Todos Santos babyThe approximately 2000 Mam Maya indians of Todos Santos stick to their old ways. Nearly everyone is traditionally dressed. The men wear their red trousers with the vertical white stripes and white shirts with beautifully embroidered collars and borders. While the women carry their dark blue skirts and intricately woven purple or red blouses, the so-called “huipiles”. Horse-races are held each year in November and are part of their tradition too. During this celebration, for days there is eating and dancing, and a lot of drinking as well. The indians from the nearby village of San Juan Atitán have also made it to the market today, one can recognize them by their own attire.

Mam sauna

I walk up and down the only proper street in the village. The weather is sunny and warm. With an Israeli girl I walk around the valley floor and we have a look at the farms and fields. When we sit down at the bTodos Santos marketakery opposite the Catholic church to have a tea and some bread, it starts to rain. Soon it is raining cats and dogs. So we hang around at the bakery's and chat with two Maya women and a Canadian boy of just nineteen who has come all the way from Canada in his car! Back at the guesthouse, we ask for the Mam sauna to be made ready for us. In the meantime I lie on my bed, it is starting to thunder... But, wow, what a wonderful little village this is! After an hour the sauna is heated. It looks like an iglo made of dried clay. On our knees we crawl in - one cannot stand up in here. For twenty minutes we sit cramped on a tiny bench in this narrow, dark little cavelike thing. We are being given a candle and are supposed to close the little door. But it is so hot and smoky that we decide to leave it open a bit. Because of the smoke I keep my eyes shut. Despite all Men of Todos Santosthe complaints, it is truely a lovely experience.
In the evening we watch a video in the school where Spanish is being taught, about the bloody eighties. In those years the village was the stage for conflict between the guerilla and the army of Guatemala. 1981 was the gruesomest year of all when all suspected guerilla sympathizers were being systematically slaughtered. It is an hours long video and it is very cold in the school, so after one and a half hour we give it a break. Back in the guesthouse I steal an extra blanket from one of the empty rooms and with four blankets I am soon sound asleep!

Clouds and a blouse

The next day I walk up the mountains together with a dutch girl, in search of a beautiful view of the valley. Unfortunately it is very cloudy and cold. We pass some very basic houses and their occupants. Children walk with us and the elders try and have a talk with us as far as this is possible, as they speak very little Spanish (they have their own Mam Maya language). Todos Santos is a poor village; there is always a shortage of land and often families cannot grow enough to provide the family with food for a whole year. Running water can only be found in the centre of town.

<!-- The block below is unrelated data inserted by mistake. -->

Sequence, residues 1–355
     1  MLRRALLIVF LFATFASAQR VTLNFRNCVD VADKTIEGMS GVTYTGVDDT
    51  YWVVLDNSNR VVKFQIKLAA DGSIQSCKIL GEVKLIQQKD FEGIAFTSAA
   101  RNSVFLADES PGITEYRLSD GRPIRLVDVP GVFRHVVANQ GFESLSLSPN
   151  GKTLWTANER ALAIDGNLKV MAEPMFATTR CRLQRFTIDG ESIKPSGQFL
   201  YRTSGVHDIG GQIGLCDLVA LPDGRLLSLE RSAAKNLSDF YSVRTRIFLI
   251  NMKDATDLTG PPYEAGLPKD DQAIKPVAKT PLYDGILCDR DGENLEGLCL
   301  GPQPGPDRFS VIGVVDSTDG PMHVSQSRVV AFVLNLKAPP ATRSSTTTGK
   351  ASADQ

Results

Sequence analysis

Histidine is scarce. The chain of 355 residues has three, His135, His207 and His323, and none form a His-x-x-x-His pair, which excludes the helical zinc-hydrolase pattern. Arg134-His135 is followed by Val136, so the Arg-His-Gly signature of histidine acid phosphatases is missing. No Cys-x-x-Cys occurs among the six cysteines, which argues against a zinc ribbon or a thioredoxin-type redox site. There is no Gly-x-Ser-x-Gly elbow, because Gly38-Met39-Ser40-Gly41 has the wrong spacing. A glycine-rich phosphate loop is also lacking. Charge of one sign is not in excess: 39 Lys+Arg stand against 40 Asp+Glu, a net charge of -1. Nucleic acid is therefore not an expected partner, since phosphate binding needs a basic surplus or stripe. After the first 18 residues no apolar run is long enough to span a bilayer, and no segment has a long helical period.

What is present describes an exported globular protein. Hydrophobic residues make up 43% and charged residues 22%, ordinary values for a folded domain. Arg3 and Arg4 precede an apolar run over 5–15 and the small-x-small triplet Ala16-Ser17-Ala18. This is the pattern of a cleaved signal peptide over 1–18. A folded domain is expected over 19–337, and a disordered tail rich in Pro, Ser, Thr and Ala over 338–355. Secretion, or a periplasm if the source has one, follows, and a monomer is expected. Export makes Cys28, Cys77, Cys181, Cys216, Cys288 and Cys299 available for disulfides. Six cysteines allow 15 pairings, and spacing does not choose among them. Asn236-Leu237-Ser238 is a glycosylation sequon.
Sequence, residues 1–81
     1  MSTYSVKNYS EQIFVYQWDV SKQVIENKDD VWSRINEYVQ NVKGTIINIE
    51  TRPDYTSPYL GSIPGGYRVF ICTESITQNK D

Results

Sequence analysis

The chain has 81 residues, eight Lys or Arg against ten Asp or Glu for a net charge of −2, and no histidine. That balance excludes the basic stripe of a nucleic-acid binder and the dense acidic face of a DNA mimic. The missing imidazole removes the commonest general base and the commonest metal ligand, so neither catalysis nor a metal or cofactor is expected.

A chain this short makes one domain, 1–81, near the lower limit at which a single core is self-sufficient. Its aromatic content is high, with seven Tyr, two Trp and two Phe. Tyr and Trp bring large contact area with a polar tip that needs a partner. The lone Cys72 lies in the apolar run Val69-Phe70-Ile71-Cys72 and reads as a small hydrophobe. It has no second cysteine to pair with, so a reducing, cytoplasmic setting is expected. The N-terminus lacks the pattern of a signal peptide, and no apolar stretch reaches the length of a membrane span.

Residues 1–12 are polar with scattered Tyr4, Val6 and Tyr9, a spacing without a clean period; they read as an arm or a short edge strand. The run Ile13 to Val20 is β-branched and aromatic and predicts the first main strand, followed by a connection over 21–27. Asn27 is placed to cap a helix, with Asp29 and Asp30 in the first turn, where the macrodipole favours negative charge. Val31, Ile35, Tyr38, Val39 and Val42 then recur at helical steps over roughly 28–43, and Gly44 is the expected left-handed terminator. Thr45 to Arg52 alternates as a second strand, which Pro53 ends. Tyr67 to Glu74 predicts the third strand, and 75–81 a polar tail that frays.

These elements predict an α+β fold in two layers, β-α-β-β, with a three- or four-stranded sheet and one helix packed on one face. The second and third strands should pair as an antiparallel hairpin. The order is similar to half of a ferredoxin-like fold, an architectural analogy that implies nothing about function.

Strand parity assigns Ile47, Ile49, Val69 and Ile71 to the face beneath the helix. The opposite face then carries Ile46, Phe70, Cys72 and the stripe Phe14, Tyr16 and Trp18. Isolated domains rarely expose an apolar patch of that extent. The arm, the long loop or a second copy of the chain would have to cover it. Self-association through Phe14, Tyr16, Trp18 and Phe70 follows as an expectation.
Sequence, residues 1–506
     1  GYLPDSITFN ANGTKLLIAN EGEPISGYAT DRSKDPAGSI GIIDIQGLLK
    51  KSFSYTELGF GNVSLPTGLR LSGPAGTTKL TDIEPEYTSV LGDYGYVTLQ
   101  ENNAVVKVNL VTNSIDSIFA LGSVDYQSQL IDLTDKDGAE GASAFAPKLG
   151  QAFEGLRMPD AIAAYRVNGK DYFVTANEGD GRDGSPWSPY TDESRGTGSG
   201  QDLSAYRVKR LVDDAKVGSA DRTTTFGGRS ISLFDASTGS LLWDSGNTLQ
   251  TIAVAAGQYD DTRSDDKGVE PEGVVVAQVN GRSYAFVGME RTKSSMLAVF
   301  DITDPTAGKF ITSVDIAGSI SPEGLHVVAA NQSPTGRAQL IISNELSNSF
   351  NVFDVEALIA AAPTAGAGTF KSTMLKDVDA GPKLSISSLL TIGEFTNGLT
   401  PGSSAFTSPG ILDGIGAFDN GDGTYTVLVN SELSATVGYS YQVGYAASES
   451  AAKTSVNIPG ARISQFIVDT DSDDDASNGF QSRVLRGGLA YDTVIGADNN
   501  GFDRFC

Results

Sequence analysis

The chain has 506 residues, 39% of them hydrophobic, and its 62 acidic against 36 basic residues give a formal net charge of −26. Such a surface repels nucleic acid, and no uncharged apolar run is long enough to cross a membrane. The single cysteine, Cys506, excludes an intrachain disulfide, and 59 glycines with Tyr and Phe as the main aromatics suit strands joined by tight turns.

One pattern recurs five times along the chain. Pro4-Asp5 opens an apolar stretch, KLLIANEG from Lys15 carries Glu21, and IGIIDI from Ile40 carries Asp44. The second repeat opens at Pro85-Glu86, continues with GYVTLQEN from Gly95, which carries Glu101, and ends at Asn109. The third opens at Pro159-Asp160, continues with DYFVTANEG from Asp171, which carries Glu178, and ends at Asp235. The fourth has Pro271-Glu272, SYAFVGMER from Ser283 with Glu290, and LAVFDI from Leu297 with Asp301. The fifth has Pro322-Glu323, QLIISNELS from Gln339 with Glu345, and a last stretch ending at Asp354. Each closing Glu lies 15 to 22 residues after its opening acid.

CuchumatanesThe landscape around Todos Santos is beautiful and rugged, but far from pristine. People live and work on every little piece of land, there is no room for forests. I have heard that even after an exhausting hike up from the village to a height of about 4000 meter, one will still encounter little houses with fields on the rocky, windy summits. Actually I had not expected this, as I read in my travelguide that this area is supposed to be part of a national park. So where are all the plants and animals? Clouds have drifted in and take away any kind of view of the valley and mountains. After a two hour climb we give up. It is just too cold, too gray, and what's more, we keep sliding away in the mud. The weather remains gray for the rest of the day, so I hang around town and in one of the shops with artesanías I buy myself one of those lovely Todos Santos (men's!) blouses. (I shall never wear this blouse in Guatemala. Only after having arrived in Honduras, where nobody will recognize me as a Todos Santos indian, I have the nerve to wear it...) In the evening I am once again sweating in the wonderful sauna.

Girls in Todos Santos mountainsThe bus back to Huehue leaves at 5.50 AM. It is still dark and cold when I walk down to the busstop. Nobody was awake yet in the guesthouse, so I put the money for the three nights on the table in my bedroom, hoping that this is okay. The sun comes out and once again the land looks gorgeous. There are just a few people on the bus; something you will seldom see in Guatemala. We climb up from the valley and behind me I can see Todos Santos disappearing into the depths. Lowhanging clouds far below us. On the plateau it is freezing cold and the landscape is covered with a white layer of ice. The steep road down now has spectacular views. In this christal clear weather I can see practically the whole of Guatemala lying in front of me, right up to the vulcanoes in the south of the country; I count five or six of them. Driving down the mountain the ride goes so much faster and after two hours I arrive in foggy Huehue. And now it is time to search for my next Bluebird bus!